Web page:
Communities left behind

Aging is hard. And not for the reasons I used to think when I was younger. I’m not talking (necessarily) about the skin tags or body changes, the lapses in memory, or the (sometimes) decreased sex drive. I’ll save those for another column.

No, the hard part of aging for me lately has been the loss of friends and acquaintances, or the anticipated loss. In the last few months, several people I know and am close to are experiencing serious health challenges. The rational part of my brain says that some of this is just a natural part of aging, which I guess it is, if you are lucky enough to have survived into your sixties, with or without HIV. But the emotional part of me is, well, emotional at times. Add to that an entire generation of gay men of a certain age, like me, as well as many straight folks, many of whom never had children, and it’s downright scary. Who will care for us as we age?

We need an HIV and aging infrastructure plan. Many of our community-based organizations and AIDS service organizations are aging and ailing themselves, and in dire need of an infusion of funding, expertise, and innovative ways of thinking and approaching the many challenges we face as a community. COVID has permanently altered the landscape, in ways that we are only just beginning to see and understand. One example is telehealth and telemedicine—we talk about hybrid services but are ill-equipped individually, as organizations, and as a community to plan, design, and deliver quality services that combine in-person appointments, meetings, and events with technology that will enhance those experiences. There are varying levels of comfort among people with meeting in person, and some of us have realized that we can be just as productive, if not more so, working remotely and using technology as being in an office every day. But there is nothing like coming together and interacting socially with each other and in groups in certain instances. How do we find a way to use technology to our advantage, and at an affordable price, rather than wait passively until technology finds a way to use us (Facebook algorithms anyone?).

Aging has never been prioritized by the policies we put in place or by the culture we live in, and yet it’s what we all strive for, right? To make it to a point where we can look back and reflect, and take time for ourselves to do the things we enjoy. To discover the wisdom that comes with age. At least that’s what’s been drilled into us for most of our lives. What if, what if, we did something radical, like look inward and reflect now, and take the time to do the things we enjoy most now. To tell the people we love and care for the things we appreciate and love about them most, and what they truly mean to us. As life shows us, and this latest pandemic has taught us all, nothing in life is guaranteed. Take nothing and no one for granted—our time here is short.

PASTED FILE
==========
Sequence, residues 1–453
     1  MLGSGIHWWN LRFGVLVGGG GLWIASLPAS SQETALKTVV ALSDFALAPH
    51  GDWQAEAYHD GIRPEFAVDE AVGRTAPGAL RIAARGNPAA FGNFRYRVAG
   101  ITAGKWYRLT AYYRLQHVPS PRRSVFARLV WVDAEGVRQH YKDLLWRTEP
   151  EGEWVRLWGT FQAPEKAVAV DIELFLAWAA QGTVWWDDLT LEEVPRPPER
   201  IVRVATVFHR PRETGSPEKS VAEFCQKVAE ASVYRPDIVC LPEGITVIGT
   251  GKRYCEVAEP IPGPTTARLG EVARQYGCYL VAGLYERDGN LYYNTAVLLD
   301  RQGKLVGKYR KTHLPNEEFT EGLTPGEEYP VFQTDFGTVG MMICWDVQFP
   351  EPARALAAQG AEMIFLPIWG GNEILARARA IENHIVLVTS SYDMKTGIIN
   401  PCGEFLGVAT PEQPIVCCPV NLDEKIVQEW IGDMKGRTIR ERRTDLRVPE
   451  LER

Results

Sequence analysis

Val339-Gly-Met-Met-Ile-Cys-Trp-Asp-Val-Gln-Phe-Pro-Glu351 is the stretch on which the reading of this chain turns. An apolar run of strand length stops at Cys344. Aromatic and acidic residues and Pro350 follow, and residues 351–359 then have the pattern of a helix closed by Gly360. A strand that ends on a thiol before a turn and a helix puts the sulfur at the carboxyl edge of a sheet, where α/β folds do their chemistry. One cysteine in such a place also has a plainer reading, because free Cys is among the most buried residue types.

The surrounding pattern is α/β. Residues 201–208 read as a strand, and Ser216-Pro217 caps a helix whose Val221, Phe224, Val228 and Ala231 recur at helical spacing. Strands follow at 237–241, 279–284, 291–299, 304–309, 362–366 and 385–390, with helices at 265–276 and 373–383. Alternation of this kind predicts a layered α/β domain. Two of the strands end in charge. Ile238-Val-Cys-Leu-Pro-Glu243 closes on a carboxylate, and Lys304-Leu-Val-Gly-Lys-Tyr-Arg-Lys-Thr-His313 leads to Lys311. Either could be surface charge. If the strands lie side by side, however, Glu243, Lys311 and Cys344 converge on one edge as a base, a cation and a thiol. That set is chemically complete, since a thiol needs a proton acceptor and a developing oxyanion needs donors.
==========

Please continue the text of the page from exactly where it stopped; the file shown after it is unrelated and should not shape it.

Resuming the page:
Just as the aging community has in many ways been left behind, there are entire communities that have been left behind and overlooked in our fight against HIV. In this issue you’ll learn about four people who are straight who have overcome immense odds to live a better life with HIV, even when there weren’t always services geared toward them. People involved with the criminal justice system are often left out of the conversation, and the Prison Journalism Project is working to change that. You’ll read about some amazing women of trans experience, and why it’s necessary to have people with lived experience leading the efforts to end the epidemic in their communities. If we are ever going to end the HIV epidemic, we will need to employ (literally) those who are most disproportionately affected.

This issue also features Positively Aware’s annual A Day with HIV anti-stigma campaign, now in its 12th year. The idea is to take a photo and include a caption that captures a moment in one day to show what it means to live in a world with HIV, and once again it inspired hundreds of submissions from around the globe. Among the four different covers created for this issue, one is special to me, and makes me smile. It’s the one featuring Baby Zuri, who was born on September 22, 2021, A Day with HIV. Zuri is pictured in her crib, swaddled in a blanket and cute cap, on one of the four foldout covers alongside Maurice Greenham, celebrating his 80th birthday as a 37-year long-term survivor.

Wow, how far we have come, and yet how far we have to go. But through sharing our stories of survival, resilience, and rebirth, we will get through this, together—and will be better for it.

Take care of yourself, and each other.

Jeff Berry

P.S. This issue also highlights Positively Aware’s annual appeal, and this year there is a new way to give! Just text ISupportPA to 44-321, and enter the amount you’d like to donate along with your credit card information; or you can donate online at positivelyaware.com/donate. Your support will help enable us to continue to share inspiring stories like these for many years to come.